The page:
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Open AccessArticle

Antioxidant Rich Extracts of Terminalia ferdinandiana Inhibit the Growth of Foodborne Bacteria

1
Queensland Alliance for Agriculture and Food Innovation (QAAFI), The University of Queensland, Health and Food Sciences Precinct, 39 Kessels Rd, Coopers Plains, QLD 4108, Australia
2
Queensland Health Forensic and Scientific Services, 39 Kessels Rd, Coopers Plains, QLD 4108, Australia
3
CSIRO Agriculture and Food, 306 Carmody Road, St Lucia, QLD 4067, Australia
*
Author to whom correspondence should be addressed.
Foods 2019, 8(8), 281; https://doi.org/10.3390/foods8080281
Received: 26 June 2019 / Revised: 18 July 2019 / Accepted: 20 July 2019 / Published: 24 July 2019
(This article belongs to the Special Issue Foods of Plant Origin)
Terminalia ferdinandiana (Kakadu plum) is a native Australian plant containing phytochemicals with antioxidant capacity. In the search for alternatives to synthetic preservatives, antioxidants from plants and herbs are increasingly being investigated for the preservation of food. In this study, extracts were prepared from Terminalia ferdinandiana fruit, leaves, seedcoats, and bark using different solvents. Hydrolysable and condensed tannin contents in the extracts were determined, as well as antioxidant capacity, by measuring the total phenolic content (TPC) and free radical scavenging activity using the 2, 2-diphenyl-1-picrylhydrazyl (DPPH) assay. Total phenolic content was higher in the fruits and barks with methanol extracts, containing the highest TPC, hydrolysable tannins, and DPPH-free radical scavenging capacity (12.2 ± 2.8 g/100 g dry weight (DW), 55 ± 2 mg/100 g DW, and 93% respectively). Saponins and condensed tannins were highest in bark extracts (7.0 ± 0.2 and 6.5 ± 0.7 g/100 g DW). The antimicrobial activity of extracts from fruit and leaves showed larger zones of inhibition, compared to seedcoats and barks, against the foodborne bacteria Listeria monocytogenes, Bacillus cereus, Methicillin resistant Staphylococcus aureus, and clinical isolates of Pseudomonas aeruginosa. The minimum inhibitory concentration and minimum bactericidal concentration in response to the different extracts ranged from 1.0 to 3.0 mg/mL. Scanning electron microscopy images of the treated bacteria showed morphological changes, leading to cell death. These results suggest that antioxidant rich extracts of Terminalia ferdinandiana fruits and leaves have potential applications as natural antimicrobials in food preservation. View Full-Text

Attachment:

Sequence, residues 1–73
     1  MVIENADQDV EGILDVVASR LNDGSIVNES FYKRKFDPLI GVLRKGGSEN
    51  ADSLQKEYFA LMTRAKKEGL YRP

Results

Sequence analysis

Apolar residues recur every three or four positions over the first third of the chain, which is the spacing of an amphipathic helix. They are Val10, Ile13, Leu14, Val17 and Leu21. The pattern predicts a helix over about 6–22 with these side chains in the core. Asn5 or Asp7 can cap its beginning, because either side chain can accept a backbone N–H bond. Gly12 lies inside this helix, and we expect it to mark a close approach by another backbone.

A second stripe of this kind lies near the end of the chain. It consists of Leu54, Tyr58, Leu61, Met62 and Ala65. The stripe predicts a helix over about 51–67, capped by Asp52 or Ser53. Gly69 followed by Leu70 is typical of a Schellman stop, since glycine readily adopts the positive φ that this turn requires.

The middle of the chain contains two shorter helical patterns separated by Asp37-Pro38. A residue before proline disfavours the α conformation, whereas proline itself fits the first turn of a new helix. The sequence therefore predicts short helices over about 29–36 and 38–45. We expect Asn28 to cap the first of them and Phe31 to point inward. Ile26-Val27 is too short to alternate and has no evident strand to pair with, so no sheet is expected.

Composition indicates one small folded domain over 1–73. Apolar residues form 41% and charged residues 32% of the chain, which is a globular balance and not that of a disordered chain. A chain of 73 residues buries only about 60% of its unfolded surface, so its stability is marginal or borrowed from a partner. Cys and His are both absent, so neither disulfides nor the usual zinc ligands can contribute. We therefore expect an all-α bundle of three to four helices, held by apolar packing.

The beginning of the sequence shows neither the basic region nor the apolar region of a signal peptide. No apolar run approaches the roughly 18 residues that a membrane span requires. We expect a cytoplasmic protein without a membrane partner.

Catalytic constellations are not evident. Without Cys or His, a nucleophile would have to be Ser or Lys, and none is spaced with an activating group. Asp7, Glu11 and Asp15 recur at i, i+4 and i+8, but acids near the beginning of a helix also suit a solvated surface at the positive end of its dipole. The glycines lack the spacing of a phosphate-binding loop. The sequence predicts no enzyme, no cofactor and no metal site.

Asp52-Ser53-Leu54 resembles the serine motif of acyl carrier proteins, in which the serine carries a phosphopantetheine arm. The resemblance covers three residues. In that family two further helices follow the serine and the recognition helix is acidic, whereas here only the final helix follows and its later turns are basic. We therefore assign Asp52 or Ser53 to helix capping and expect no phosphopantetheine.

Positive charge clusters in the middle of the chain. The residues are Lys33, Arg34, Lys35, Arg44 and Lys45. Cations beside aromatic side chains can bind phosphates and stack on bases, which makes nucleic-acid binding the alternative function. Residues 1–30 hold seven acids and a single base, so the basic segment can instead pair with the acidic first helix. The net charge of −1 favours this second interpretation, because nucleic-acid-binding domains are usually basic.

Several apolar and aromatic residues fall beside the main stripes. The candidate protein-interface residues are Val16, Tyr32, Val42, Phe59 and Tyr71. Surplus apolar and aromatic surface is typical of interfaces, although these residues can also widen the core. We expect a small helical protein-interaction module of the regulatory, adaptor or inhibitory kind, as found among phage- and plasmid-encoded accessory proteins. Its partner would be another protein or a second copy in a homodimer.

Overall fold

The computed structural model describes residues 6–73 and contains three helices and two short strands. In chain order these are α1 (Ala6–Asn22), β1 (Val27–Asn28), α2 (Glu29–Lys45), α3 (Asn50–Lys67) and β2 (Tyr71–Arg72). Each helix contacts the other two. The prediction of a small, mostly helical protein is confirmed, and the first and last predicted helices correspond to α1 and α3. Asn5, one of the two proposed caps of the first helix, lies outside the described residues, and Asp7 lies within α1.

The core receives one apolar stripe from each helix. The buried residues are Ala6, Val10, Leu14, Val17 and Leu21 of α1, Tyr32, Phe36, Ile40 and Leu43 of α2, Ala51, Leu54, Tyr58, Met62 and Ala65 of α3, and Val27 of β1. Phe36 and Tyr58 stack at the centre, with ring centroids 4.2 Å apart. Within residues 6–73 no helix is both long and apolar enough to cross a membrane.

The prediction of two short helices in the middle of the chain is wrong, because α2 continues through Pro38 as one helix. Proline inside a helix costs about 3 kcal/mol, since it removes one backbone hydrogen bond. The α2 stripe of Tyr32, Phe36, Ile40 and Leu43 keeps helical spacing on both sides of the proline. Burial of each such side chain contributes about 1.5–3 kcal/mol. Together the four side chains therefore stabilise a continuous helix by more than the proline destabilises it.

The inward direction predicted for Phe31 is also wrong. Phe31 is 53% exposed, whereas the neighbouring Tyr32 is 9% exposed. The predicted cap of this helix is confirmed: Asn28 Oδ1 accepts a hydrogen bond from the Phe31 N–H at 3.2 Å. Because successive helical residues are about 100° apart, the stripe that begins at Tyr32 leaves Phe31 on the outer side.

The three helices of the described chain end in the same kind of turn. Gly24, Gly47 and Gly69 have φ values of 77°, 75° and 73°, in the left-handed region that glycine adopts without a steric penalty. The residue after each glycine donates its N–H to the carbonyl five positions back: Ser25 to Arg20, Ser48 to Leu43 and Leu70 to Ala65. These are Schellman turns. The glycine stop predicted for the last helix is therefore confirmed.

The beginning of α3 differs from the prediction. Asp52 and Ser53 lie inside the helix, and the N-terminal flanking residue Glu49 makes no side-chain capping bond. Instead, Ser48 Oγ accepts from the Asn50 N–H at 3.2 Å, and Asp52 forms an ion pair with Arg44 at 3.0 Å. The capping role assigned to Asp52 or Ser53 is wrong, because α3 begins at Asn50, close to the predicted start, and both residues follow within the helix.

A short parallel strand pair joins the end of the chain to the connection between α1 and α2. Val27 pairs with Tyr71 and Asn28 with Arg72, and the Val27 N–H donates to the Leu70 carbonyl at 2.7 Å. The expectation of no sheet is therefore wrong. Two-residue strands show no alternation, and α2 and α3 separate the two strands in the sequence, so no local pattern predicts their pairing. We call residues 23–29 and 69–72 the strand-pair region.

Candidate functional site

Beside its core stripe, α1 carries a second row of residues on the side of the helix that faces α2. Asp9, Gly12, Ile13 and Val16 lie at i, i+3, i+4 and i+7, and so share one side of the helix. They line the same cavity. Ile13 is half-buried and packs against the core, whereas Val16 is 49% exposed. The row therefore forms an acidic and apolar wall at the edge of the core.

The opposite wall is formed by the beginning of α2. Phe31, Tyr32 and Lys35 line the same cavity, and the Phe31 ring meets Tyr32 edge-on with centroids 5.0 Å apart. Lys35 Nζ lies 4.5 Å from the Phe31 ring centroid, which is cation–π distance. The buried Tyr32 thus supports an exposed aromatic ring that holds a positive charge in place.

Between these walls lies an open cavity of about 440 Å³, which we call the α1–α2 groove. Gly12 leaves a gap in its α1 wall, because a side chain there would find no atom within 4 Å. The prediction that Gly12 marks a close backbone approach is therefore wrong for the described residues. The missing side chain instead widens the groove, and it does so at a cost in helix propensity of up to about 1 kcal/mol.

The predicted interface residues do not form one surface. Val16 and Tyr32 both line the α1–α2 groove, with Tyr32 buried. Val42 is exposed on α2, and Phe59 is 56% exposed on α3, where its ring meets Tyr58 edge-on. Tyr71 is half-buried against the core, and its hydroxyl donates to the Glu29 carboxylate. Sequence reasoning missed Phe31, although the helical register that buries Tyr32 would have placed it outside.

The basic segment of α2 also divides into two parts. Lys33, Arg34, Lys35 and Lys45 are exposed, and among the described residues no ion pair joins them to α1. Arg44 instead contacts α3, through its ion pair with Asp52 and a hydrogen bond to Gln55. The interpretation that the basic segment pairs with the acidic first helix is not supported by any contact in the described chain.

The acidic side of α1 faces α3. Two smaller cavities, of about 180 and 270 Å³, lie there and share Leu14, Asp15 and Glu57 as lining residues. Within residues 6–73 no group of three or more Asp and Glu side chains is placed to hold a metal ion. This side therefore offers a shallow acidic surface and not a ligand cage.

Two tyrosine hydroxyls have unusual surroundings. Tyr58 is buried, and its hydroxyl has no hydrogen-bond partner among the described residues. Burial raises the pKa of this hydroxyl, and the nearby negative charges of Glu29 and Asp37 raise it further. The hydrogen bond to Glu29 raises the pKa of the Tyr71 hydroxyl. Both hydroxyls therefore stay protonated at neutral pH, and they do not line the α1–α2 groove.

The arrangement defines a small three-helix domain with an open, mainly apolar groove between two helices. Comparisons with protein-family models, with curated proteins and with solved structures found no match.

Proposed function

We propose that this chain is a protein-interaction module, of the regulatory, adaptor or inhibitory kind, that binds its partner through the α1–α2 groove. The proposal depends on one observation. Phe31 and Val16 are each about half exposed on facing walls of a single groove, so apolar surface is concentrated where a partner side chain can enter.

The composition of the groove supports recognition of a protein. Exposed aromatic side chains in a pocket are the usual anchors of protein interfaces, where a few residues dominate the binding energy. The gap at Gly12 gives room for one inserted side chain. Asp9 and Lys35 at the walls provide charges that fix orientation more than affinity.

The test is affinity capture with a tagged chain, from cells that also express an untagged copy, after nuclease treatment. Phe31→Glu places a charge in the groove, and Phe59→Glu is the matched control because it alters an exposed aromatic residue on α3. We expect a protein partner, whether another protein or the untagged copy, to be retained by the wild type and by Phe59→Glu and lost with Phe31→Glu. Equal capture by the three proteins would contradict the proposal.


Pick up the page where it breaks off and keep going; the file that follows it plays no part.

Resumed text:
Keywords: Kakadu plum; Terminalia ferdinandiana; antioxidants; antimicrobial activity; food preservation; phytochemicals; polyphenols Kakadu plum; Terminalia ferdinandiana; antioxidants; antimicrobial activity; food preservation; phytochemicals; polyphenols
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MDPI and ACS Style

Akter, S.; Netzel, M.E.; Tinggi, U.; Osborne, S.A.; Fletcher, M.T.; Sultanbawa, Y. Antioxidant Rich Extracts of Terminalia ferdinandiana Inhibit the Growth of Foodborne Bacteria. Foods 2019, 8, 281.

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